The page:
Malaysian badminton players Tan Chun Seang, 31 and Zulfadli Zulkiffli, 25 have been banned for 15 and 20 years respectively for match-fixing.
During the independent hearing both players were found to have “engaged in corruption offences over a significant period and a significant number of tournaments” from 2013.
Not only will the players be banned from playing badminton but the bans also cover all other aspects of the sport such as administrative, coaching, officiating and developmental roles.
- BWF President Poul-Erik Høyer Focusing on Our Players
- Commonwealth Games 2018 Badminton Round-up
- The Future of Badminton – BWF Council Proposes Changes
The Badminton World Federation (BWF) are keen to show they will not tolerate any such behaviour with the players’ actions found to be in breach of the BWF’s code of conduct relating to “betting, wagering and irregular match results”
Tan Chun Seang and Zulfadli Zulkiffli’s punishment didn’t end there with the BWF Ethics Hearing Panel also issuing fines of $15,000 and $25,000 respectively.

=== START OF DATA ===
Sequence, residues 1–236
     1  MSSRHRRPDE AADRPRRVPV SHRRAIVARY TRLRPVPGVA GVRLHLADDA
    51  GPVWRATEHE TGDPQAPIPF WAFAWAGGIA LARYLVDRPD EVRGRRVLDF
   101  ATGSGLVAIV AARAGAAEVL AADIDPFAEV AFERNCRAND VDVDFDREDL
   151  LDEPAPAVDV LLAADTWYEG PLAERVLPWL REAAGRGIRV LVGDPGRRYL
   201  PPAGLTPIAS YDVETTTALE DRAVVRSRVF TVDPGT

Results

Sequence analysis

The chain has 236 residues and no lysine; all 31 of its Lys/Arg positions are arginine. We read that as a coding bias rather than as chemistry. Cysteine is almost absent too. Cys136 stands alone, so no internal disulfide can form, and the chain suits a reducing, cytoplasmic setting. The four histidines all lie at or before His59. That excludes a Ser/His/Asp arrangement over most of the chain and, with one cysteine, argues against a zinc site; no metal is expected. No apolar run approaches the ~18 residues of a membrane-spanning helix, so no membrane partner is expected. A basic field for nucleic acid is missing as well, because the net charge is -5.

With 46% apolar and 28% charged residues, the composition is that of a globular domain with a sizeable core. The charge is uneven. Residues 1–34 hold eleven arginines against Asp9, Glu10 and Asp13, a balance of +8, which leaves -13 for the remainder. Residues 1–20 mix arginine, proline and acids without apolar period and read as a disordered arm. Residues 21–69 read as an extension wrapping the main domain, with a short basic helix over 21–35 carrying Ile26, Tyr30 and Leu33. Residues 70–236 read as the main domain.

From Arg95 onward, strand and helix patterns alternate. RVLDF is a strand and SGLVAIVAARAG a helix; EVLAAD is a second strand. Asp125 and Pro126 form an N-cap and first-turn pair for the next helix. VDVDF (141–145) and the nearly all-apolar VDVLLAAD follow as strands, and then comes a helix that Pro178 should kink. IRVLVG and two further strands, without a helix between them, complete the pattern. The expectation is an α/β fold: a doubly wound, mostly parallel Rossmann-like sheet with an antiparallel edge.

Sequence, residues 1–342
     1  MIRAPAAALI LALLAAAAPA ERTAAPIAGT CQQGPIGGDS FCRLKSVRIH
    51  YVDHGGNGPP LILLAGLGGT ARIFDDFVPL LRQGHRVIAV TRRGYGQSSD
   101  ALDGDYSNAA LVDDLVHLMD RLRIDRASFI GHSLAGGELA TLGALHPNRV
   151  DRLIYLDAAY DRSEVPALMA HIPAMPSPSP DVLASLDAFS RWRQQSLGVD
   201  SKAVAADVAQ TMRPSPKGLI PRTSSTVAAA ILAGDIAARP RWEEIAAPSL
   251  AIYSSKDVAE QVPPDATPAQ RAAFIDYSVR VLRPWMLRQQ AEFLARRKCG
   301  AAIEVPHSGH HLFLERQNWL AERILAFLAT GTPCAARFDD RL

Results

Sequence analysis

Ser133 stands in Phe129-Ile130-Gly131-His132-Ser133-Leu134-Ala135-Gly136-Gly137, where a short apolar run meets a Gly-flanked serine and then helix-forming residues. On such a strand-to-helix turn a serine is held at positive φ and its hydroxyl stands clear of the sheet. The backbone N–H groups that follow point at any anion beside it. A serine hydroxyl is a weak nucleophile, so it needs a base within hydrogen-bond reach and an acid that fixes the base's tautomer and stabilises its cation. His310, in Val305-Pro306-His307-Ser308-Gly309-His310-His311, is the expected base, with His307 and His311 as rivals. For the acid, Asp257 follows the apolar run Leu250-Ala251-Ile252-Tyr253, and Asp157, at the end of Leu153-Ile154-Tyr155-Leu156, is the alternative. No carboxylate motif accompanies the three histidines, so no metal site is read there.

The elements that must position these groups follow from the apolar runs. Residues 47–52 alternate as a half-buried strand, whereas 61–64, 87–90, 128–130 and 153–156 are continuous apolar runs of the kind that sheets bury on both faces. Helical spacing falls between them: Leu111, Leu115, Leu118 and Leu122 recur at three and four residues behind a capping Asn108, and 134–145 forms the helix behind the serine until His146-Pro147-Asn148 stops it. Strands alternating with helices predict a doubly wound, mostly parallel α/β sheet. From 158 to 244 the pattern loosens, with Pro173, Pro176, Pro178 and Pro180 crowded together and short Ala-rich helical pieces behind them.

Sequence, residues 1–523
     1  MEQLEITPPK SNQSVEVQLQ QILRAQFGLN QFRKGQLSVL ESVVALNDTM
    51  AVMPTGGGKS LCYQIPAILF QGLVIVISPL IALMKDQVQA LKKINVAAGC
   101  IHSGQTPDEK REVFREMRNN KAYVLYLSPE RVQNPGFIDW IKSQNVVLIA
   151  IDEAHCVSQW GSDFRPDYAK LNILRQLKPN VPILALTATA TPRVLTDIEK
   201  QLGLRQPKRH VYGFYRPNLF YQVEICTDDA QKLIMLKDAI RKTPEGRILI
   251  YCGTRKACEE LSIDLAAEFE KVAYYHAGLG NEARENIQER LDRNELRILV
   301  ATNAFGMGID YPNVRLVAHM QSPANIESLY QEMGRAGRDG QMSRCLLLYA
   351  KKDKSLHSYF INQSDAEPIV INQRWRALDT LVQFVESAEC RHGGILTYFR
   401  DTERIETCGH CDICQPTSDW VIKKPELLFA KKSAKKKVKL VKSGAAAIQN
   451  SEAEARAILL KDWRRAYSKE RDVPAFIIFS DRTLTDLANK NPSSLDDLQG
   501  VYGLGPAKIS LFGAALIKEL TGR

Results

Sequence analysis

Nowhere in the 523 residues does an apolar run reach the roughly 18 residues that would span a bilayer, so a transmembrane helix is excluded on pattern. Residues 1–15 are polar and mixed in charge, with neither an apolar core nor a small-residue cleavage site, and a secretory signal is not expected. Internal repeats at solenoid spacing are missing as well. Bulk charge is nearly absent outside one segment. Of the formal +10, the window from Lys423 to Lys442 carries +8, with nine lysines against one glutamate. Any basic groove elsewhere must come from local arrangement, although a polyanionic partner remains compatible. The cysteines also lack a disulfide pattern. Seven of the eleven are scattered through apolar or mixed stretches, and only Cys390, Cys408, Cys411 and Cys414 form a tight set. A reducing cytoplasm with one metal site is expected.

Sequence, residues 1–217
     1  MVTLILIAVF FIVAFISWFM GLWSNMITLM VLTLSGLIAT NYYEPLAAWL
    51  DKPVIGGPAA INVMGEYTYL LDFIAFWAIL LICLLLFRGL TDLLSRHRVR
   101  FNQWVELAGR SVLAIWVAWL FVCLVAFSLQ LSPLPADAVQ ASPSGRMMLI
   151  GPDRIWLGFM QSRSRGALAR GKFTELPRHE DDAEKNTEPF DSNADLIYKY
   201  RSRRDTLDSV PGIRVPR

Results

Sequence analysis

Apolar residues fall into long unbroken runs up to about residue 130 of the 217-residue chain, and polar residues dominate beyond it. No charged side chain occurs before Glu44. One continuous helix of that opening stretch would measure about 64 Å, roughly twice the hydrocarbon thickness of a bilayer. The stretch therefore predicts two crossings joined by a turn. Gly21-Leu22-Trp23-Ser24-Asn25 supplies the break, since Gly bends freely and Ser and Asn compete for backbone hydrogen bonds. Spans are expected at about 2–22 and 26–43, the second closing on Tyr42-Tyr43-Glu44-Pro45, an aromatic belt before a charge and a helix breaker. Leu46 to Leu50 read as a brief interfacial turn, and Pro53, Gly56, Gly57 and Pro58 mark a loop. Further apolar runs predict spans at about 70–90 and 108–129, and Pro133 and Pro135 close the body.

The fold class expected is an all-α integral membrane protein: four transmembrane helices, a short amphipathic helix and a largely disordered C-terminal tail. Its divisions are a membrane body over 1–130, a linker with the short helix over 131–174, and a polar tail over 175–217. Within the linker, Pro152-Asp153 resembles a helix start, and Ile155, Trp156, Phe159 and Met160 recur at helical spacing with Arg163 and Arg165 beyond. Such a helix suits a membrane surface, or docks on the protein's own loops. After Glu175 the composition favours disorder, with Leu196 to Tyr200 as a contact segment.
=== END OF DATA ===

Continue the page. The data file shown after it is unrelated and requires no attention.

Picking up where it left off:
The suspensions came into effect from the 12th January 2018. This is the date on which both players were provisionally suspended by the Badminton World Federation. Tan Chun Seang and Zulfadli Zulkiffli do have the right to appeal their bans but whether they intend to do so remains unclear.
The differences in the length of bans came down to the number of violations. The BWF ruled Zulkiffli had been involved in manipulating the outcome of four matches and committing 31 violations of the sport’s code of conducts between 2013 and 2016.
Tan committed some 26 violations but over a shorter period of time. Previously Tan had been banned back in 2011 from playing in Asian countries for two years following his decision to quit the Malaysian national team.
Other Issues Involving Malaysian Badminton Players
This is not the first problem to beset Malaysian badminton players in recent years with former world number one Lee Chong Wei being banned in 2015 for eight months over doping.
Hopefully this tough stance by the Badminton World Federation will deter any other players from going down the match-fixing road. With the BWF recently announcing their desire to put players first and increase potential earnings maybe this would lessen the financial lure to fix results.
It should be noted that badminton is far from being alone from match-fixing allegations with other bigger sports such as cricket and football having had their fair share of betting / match fixing allegations. Sport as a whole needs to be tough and these types of lengthy bans are a good way to send a message to all involved.